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Cap-and-Trade Bill Slows in Senate

November 17, 2009

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It appears unlikely that the Senate will complete work on its version of a cap-and-trade system to limit carbon emissions this year, despite pressure from the international community for the U.S. to address the issue before a global warming summit
Senators Lamar Alexander (R-TN) and Jim Webb (D-VA) Monday introduced The Clean Energy Act of 2009, which abandons the cap-and-trade concept.
Senators Lamar Alexander (R-TN) and Jim Webb (D-VA) Monday introduced The Clean Energy Act of 2009, which abandons the cap-and-trade concept.
in Copenhagen in December.

The Senate is considering a proposal by Sens. John Kerry, D-Mass., and Barbara Boxer, D-Calif., that is similar to a bill passed earlier this year by the House. The cap-and-trade mechanism would limit greenhouse gas emissions and set up a market in which emissions can be bought or sold. The idea is to make carbon-based energy more expensive in order to encourage investment in cleaner energy and promote more efficient use of energy, with the long-term objective of slowing global warming and decreasing U.S. dependence on foreign oil.

Strong opposition to the measure is slowing its progress. This week, Virginia Sen. Jim Webb and Tennessee Sen. Lamar Alexander introduced a new $20 billion energy bill that focuses on what they call "areas that are achievable," such as expanding nuclear power and funding research into alternative energy sources.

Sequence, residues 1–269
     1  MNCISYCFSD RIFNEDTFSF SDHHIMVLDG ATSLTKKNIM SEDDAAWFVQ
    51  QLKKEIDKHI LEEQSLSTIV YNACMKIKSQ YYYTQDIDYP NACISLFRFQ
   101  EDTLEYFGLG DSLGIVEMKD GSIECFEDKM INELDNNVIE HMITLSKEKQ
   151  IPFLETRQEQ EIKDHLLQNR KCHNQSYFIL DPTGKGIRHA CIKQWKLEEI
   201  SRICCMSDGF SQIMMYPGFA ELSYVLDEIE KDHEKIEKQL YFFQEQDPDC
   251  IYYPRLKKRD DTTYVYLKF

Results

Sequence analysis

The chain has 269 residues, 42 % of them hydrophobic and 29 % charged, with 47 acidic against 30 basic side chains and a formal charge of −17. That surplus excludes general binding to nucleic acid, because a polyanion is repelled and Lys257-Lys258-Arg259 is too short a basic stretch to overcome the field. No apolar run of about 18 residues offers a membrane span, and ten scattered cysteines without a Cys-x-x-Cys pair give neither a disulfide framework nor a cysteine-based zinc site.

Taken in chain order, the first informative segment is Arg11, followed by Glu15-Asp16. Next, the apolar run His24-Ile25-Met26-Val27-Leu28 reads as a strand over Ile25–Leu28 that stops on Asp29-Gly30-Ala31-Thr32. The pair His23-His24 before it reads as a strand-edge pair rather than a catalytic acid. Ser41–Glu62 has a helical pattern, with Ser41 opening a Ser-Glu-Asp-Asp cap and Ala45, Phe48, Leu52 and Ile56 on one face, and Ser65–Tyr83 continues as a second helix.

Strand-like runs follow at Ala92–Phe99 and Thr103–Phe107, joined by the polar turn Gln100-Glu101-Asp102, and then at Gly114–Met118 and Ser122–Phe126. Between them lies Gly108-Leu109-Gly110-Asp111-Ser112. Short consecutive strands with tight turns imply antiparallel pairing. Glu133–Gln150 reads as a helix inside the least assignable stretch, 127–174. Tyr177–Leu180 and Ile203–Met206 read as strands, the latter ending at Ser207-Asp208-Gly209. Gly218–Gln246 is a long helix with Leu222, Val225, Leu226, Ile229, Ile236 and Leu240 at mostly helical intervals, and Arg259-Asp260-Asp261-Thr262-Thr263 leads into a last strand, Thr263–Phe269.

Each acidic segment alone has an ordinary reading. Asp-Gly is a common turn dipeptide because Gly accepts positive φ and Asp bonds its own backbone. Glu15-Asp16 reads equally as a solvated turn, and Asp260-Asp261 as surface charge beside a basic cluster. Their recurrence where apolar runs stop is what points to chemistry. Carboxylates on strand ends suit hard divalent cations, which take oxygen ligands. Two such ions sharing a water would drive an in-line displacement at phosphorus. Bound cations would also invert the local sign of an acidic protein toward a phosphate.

"This cap-and-trade is a turkey," said Sen. Kit Bond, R-Mo., at an October press conference. "I don't care how many gee gaws you put on it, that baby's never going to fly."

Trucking on Cap and Trade

Bond and Sen. Kay Bailey Hutchison, R-Texas, were unveiling a study that claims the Senate cap-and-trade proposal amounts to a $3.6 trillion fuel tax.

Also at the event was Barbara Windsor, President and CEO of Hahn Transportation. Windsor, who is First Vice Chairman of the American Trucking Associations and slated to become Chairman next October, said that cap-and-trade will not reduce trucking's carbon emissions because trucking is not a discretionary user of fuel.

"Proponents of an economy-wide cap and trade system believe that by increasing the price of fuel, fuel users will either purchase more fuel efficient vehicles or convert to alternative-fueled vehicles," she said. "These options are not currently available to the trucking industry in any meaningful manner."

Bond and Hutchison said their study shows the House cap-and-trade bill would impose a $2 trillion tax on gasoline, a $1.3 trillion tax on diesel and a $330 billion tax on aviation fuel, for the total of $3.6 trillion over 35 years. They said the Senate version of the bill would be even more expensive.

Winners and Losers

Neither is inclined to look for ways to work with a cap-and-trade system, mitigating its impact on core industries such as trucking and farming by carving out exceptions. It's the concept that's flawed, they said.

"When government gets in and tries to start picking winners and losers, who gets excepted, who doesn't, you're still going to wind up hitting people who should not be hit," said Sen. Bond.

Hutchison said it is hard to make exceptions because the proposal works by putting the cost of emissions on fuel refiners, who would have to pass that cost through to customers in trucking and elsewhere.

"We can improve the environment and economy through American ingenuity and technological advancement, not with taxes and mandates that increase costs and burden American families and businesses," Hutchison said.

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